Alcohol Use Disorder: A Global Problem

As National Recovery Month and Suicide Prevention Month come to a close, it only fits that the World Health Organization (WHO) should release a startling report about the most harmful substance on the planet—alcohol. Please do not take such a statement to mean that other mind-altering substances are less dangerous than alcohol; however, no other addictive compound is as pervasive or claims as many lives each year as beer, wine, or spirits. The proof is in the research, just in America alone alcohol is responsible for more illnesses and premature deaths than any other substance. Last year, all drug overdose deaths from any drug – painkiller, heroin, or otherwise – fell far short from the toll wrought by alcohol use disorder.

It makes sense, in the United States alcohol can be acquired with relative ease in all 50 states around the clock, practically. Minors, with even a modicum of “street smarts” can solicit an elder to purchase the substance for them; some parents will also supply alcohol to their kids provided their children drink safely at home. While parental provisional alcohol use is a topic for perhaps another post, it is worth highlighting the lack of seriousness many Americans attach to drinking.

During National Recovery Month it is critical that public health officials and addiction experts do their part in getting the facts to the American people. Encouraging men and women to seek treatment, and replace active substance use with active recovery, is another feature of this observance. Each year, roughly 88,000 Americans succumb to alcohol-related illness or injury. What’s more, millions of men and women in this country continue to lead a chaotic existence in the grips of alcohol use disorder and dependence. Only a small majority of such people are likely to receive treatment in the near future.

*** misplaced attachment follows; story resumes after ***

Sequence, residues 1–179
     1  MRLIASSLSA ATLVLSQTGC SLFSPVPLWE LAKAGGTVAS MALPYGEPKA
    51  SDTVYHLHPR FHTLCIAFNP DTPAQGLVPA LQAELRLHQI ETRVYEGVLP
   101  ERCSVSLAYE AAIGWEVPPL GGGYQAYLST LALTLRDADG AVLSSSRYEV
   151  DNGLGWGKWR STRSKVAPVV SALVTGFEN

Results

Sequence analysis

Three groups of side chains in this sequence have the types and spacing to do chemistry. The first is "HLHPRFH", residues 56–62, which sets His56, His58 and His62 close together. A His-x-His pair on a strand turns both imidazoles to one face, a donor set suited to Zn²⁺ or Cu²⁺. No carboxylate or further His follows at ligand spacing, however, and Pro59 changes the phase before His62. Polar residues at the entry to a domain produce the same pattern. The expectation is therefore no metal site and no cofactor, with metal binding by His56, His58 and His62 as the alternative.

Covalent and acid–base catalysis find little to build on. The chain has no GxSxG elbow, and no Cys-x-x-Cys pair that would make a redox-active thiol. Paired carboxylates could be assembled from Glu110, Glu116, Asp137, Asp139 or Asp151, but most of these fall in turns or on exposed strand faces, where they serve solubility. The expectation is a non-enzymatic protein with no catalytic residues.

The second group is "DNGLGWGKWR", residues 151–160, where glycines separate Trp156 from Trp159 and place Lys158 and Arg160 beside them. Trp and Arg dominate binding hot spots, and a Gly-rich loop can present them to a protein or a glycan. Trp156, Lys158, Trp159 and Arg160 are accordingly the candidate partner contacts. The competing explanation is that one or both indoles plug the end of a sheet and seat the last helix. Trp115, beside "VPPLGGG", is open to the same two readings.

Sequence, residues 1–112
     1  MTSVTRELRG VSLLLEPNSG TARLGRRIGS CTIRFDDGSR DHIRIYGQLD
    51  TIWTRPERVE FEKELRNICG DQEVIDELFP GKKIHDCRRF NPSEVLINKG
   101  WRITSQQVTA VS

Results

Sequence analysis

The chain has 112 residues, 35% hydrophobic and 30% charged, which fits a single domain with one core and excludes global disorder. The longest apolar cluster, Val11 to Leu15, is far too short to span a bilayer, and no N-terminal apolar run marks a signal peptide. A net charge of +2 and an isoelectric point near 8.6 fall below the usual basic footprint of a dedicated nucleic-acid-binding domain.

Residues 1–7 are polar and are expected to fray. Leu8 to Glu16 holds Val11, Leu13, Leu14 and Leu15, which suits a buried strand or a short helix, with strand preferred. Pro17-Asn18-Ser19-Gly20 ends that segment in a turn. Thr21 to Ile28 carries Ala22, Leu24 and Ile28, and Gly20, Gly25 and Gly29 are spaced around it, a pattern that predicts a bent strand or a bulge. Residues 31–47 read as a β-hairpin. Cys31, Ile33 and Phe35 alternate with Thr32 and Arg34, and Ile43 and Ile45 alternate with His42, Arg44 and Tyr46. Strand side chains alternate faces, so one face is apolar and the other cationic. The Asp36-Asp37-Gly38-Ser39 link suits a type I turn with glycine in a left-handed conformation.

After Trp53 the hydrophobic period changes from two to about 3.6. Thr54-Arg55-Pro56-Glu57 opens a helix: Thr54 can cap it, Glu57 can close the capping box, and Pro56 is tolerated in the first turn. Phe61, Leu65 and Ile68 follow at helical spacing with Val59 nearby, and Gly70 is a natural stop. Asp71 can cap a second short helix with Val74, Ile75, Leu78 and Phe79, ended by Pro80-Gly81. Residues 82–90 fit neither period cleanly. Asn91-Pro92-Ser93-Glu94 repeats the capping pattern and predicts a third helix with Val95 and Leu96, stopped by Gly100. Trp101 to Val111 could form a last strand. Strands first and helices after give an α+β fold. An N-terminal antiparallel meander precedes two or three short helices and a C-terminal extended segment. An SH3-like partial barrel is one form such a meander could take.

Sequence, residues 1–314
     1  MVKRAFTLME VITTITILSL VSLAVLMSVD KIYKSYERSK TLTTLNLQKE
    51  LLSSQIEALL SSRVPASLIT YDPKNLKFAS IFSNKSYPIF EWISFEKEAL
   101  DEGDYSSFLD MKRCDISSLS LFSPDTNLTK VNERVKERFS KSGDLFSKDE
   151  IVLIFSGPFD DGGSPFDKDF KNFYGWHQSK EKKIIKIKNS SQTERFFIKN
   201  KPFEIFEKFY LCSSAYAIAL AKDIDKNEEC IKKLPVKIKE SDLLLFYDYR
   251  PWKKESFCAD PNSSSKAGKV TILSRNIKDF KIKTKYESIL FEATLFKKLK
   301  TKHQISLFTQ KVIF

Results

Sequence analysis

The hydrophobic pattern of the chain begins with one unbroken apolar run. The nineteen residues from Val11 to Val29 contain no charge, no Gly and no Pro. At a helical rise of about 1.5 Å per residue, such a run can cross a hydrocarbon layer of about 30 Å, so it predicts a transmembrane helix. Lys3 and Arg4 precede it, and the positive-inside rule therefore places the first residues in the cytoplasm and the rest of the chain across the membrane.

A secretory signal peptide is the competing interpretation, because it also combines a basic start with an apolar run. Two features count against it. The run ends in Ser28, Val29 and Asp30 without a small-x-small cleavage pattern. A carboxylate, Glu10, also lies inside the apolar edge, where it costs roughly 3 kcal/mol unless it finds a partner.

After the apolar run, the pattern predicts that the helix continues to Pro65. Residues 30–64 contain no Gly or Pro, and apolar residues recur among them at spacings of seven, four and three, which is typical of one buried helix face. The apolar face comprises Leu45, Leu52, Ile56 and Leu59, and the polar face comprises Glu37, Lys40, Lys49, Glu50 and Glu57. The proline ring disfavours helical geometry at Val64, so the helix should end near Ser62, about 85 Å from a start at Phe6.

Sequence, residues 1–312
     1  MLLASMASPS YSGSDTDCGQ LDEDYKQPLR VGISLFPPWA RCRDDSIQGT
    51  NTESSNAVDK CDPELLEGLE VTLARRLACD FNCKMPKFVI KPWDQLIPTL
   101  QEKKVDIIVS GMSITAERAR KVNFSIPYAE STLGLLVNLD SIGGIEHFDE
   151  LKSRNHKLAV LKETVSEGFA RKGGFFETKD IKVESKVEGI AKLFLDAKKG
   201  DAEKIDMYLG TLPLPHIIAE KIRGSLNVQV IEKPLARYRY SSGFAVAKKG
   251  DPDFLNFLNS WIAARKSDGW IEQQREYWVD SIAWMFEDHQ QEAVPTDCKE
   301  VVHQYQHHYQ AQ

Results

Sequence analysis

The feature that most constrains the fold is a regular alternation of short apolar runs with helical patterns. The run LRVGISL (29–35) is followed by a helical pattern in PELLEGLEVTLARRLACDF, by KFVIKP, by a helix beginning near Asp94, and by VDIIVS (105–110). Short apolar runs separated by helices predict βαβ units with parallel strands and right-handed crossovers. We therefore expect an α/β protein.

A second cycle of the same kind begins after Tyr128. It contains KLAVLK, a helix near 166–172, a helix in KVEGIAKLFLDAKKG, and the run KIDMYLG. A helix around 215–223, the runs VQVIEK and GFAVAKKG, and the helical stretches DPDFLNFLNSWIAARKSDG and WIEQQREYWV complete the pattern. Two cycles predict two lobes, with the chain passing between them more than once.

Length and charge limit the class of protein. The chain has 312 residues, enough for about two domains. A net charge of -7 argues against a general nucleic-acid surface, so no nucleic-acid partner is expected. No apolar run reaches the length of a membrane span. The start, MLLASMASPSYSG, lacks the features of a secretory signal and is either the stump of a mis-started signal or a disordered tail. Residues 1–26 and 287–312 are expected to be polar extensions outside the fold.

WHO Global Status Report on Alcohol and Health

While much of the conversation this month centers around opioids and the present addiction epidemic, it is paramount that we do not lose sight of the damage brought on by a legal drug like alcohol. So, and without further ado, let’s take a look at the findings of a comprehensive report courtesy of the World Health Organization or WHO.

The Global Status Report on Alcohol and Health shows that an estimated 283 million people 15 years old and above had an alcohol use disorder in 2016. In 2016, WHO found that AUD affects 237.0 million adult men and 46.0 million adult women. Worldwide, 3 million deaths every year result from the harmful use of alcohol. The organization found that 5.1% of the global burden of disease and injury is attributable to alcohol.

Hundreds of millions of lives are impacted – in some cases irrevocably – by alcohol use; countless family members have front row seats to the disease of alcohol addiction. Even moderate consumption is associated with heightened disease risk. Moreover, it is challenging to enact legislative changes that can mitigate the damage potential of alcoholic beverages. Following the report, WHO offers several evidence-based recommendations, including but not limited to:

Alcohol Use Disorder Treatment

At Pacific Shores Recovery Center, we offer services that include detox, residential treatment, IOP, and sober living for men and women who are living with alcohol use disorder and drug addiction. We invite you to reach out to learn more about our program and to begin the admission process. We will meet you where you are and guide you to where you want to be!